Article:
- Spread half the crushed tortilla chips in a layer in the prepared pan. Top with half the beef-bean mixture. Dollop with half the sour cream and sprinkle with half the cheddar. Repeat these layers: chips, beef-bean mixture, sour cream, shredded cheddar. Distribute halved cherry tomatoes, cut side down, over the top of the casserole and sprinkle with slicedgreen onions.
- Bake 25-30 minutes or until heated through and cheese has melted.
Want to recreate restaurant-style poke bowls on the cheap? Use canned tuna and canned crab in this easy canned tuna poke bowl!
Not long ago I posed a question on A Love Letter to Food’s Facebook page:
I love asking open-ended questions on social media because, not only does it get plenty of engagement from readers, but usually gets me thinking. When I asked this particular question, friends and followers had PLENTY of answers. And, seeing as how most of us have been deprived of the restaurant experience for weeks, if not months, I get it. I’m chomping at the bit as much as anyone to actually go OUT to eat.
In fact, for me, the Covid-19 restaurant ban has actually been a proving ground for determining which restaurants actually have good food and which I apparently go to for their ambiance or other factors. If all I can get is takeout, that takeout better be worth it! One type of restaurant whose food I’ve realized I genuinely miss? Poke bowl joints.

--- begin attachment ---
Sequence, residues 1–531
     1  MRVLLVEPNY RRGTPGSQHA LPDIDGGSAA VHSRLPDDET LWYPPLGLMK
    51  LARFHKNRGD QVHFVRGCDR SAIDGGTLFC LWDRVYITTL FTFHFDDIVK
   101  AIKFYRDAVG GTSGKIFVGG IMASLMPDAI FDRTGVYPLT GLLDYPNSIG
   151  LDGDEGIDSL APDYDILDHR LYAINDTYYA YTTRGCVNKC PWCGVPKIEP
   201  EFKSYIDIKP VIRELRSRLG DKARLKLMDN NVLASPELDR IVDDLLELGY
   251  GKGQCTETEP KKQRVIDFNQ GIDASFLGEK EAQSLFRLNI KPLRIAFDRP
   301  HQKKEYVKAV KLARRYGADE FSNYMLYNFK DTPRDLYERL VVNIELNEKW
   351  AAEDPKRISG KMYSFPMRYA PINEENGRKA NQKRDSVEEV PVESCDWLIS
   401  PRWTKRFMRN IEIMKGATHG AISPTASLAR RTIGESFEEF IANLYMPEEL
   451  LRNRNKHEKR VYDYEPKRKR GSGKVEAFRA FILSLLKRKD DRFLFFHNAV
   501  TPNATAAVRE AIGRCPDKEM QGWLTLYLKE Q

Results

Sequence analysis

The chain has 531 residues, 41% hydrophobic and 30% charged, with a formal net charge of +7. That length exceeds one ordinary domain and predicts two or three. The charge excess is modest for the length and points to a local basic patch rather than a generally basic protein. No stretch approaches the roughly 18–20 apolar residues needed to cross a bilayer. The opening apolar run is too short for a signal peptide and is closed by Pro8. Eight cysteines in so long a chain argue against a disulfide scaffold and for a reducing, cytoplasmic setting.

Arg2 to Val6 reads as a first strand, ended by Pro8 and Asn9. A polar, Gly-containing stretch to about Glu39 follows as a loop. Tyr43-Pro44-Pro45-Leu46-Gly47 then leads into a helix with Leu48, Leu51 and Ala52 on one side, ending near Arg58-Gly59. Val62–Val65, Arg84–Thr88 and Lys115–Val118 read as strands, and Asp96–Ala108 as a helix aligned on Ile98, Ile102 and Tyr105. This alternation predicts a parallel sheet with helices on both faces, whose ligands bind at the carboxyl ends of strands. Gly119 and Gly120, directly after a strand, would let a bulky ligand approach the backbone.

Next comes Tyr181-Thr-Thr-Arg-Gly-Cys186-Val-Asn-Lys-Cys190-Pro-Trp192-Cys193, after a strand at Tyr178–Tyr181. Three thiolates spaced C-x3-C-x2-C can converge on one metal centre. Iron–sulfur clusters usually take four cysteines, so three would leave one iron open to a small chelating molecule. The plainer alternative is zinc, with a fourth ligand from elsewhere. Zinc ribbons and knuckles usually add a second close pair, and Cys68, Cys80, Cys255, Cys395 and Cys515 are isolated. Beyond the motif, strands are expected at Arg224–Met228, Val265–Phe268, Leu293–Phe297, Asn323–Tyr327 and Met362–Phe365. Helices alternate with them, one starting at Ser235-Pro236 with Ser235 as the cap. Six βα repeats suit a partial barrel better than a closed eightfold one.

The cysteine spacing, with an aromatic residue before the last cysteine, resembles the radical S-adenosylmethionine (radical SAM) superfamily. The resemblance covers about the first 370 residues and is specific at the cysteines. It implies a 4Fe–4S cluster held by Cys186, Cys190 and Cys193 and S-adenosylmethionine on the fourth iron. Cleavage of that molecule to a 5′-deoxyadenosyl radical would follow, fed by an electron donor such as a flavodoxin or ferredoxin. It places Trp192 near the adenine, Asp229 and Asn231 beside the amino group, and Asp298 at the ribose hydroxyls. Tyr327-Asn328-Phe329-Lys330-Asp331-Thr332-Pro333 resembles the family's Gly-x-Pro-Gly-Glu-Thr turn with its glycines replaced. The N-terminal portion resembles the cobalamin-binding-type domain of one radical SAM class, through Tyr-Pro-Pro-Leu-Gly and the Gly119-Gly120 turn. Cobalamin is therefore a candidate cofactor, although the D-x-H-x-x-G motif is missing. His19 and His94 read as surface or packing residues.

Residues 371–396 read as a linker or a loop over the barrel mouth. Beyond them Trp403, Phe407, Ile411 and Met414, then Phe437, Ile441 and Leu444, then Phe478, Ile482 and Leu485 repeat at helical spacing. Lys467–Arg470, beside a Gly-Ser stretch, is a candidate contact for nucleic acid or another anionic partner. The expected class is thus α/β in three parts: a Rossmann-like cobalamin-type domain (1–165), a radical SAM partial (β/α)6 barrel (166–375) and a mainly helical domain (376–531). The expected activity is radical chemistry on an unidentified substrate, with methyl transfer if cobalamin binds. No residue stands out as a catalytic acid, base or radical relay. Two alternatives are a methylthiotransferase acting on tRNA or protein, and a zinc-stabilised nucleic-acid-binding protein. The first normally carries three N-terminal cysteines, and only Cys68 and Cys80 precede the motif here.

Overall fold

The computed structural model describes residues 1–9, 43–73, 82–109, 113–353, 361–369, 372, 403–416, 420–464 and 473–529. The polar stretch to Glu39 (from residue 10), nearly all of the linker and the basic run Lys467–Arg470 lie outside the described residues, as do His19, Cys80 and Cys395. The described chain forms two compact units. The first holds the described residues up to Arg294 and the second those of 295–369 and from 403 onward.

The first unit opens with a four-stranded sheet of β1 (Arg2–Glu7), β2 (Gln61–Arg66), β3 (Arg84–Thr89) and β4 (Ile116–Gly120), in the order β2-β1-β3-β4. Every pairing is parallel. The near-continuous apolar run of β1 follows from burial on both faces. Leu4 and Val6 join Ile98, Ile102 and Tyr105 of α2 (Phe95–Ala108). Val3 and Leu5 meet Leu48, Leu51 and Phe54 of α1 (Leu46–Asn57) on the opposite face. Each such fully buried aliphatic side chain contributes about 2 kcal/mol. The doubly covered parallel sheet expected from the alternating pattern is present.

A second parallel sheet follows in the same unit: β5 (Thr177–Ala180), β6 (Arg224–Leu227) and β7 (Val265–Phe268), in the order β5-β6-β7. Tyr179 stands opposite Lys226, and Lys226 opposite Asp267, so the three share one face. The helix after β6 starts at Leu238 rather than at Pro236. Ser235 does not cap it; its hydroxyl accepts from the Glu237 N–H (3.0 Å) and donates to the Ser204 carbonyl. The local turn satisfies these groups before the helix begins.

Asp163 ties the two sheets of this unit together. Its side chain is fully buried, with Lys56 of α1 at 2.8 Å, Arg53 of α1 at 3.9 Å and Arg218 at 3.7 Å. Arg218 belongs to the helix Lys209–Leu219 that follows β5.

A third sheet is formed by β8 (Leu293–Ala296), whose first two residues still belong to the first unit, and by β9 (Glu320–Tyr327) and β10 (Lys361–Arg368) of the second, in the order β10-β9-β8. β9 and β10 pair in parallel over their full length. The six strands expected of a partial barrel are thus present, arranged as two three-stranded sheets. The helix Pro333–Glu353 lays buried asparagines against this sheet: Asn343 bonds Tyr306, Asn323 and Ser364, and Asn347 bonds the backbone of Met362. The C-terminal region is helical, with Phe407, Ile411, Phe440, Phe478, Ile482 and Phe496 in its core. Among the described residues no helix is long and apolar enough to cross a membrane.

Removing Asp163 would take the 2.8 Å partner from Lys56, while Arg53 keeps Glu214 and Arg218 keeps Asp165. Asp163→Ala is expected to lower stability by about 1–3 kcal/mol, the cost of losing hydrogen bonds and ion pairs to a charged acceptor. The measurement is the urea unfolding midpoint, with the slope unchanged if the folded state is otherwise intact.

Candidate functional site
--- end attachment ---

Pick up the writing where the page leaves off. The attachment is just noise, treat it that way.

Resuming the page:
A wee bit of backstory: It took me until about age 30 before I ever acquiesced to eating sushi. Like most sushi-averse folks, the thought of eating raw fish seemed SO VERY WRONG. But eventually my husband convinced me to try a local sushi place with famously fresh rolls and my eyes were opened to the amazingness of this culinary wonder. After getting on the sushi bandwagon, you better believe poke bowls were an easy next step. I love their combo of mild and spicy flavors, and they can be surprisingly healthy, too!
Besides that, poke bowls are the Chipotle burritos of Asian food–convenient, customizable, and uncomplicated. And, even though we can’t eat them at restaurants at the moment, they’re pretty easy to make at home. This version is super budget-friendly, using canned tuna and canned crab (I know, it could be a lot fancier with sushi-grade tuna, but we’re going for inexpensive here, mmkay?) Topped with a spicy sriracha aioli–my favorite part of any poke bowl–these are a tasty at-home version of the fast-casual favorite.
So add what you like, take out what you like, and enjoy!
Easy Canned Tuna Poke Bowl
For the sriracha aioli:
- 1/2 c. mayonnaise
- 1 Tbsp. sriracha sauce
- 2 tsp. lemon juice
- 1/4 tsp. garlic powder
- salt, to taste
For the poke bowls:
- 1 1/2 c. dry white rice
- 10 oz. frozen edamame
- 5.3 oz. can albacore tuna packed in water, drained
- 6 oz. can white crab meat, drained
- 1 c. shredded carrot
- 1 c. cucumber, diced
- fried onions, for garnish
- sesame seeds, for garnish
- sliced green onions, for garnish
Make the sriracha aioli:
- In a measuring cup, whisk together all ingredients. Refrigerate until ready to use.
Make the bowls:
- In a large pot, make rice according to package directions. Meanwhile, microwave edamame according to package directions and prep all other ingredients.
- Assemble 4 individual bowls, dividing rice, edamame, tuna, crab, carrot, and cucumber among all. Garnish with fried onions, sesame seeds, and green onions. Top with sriracha aioli.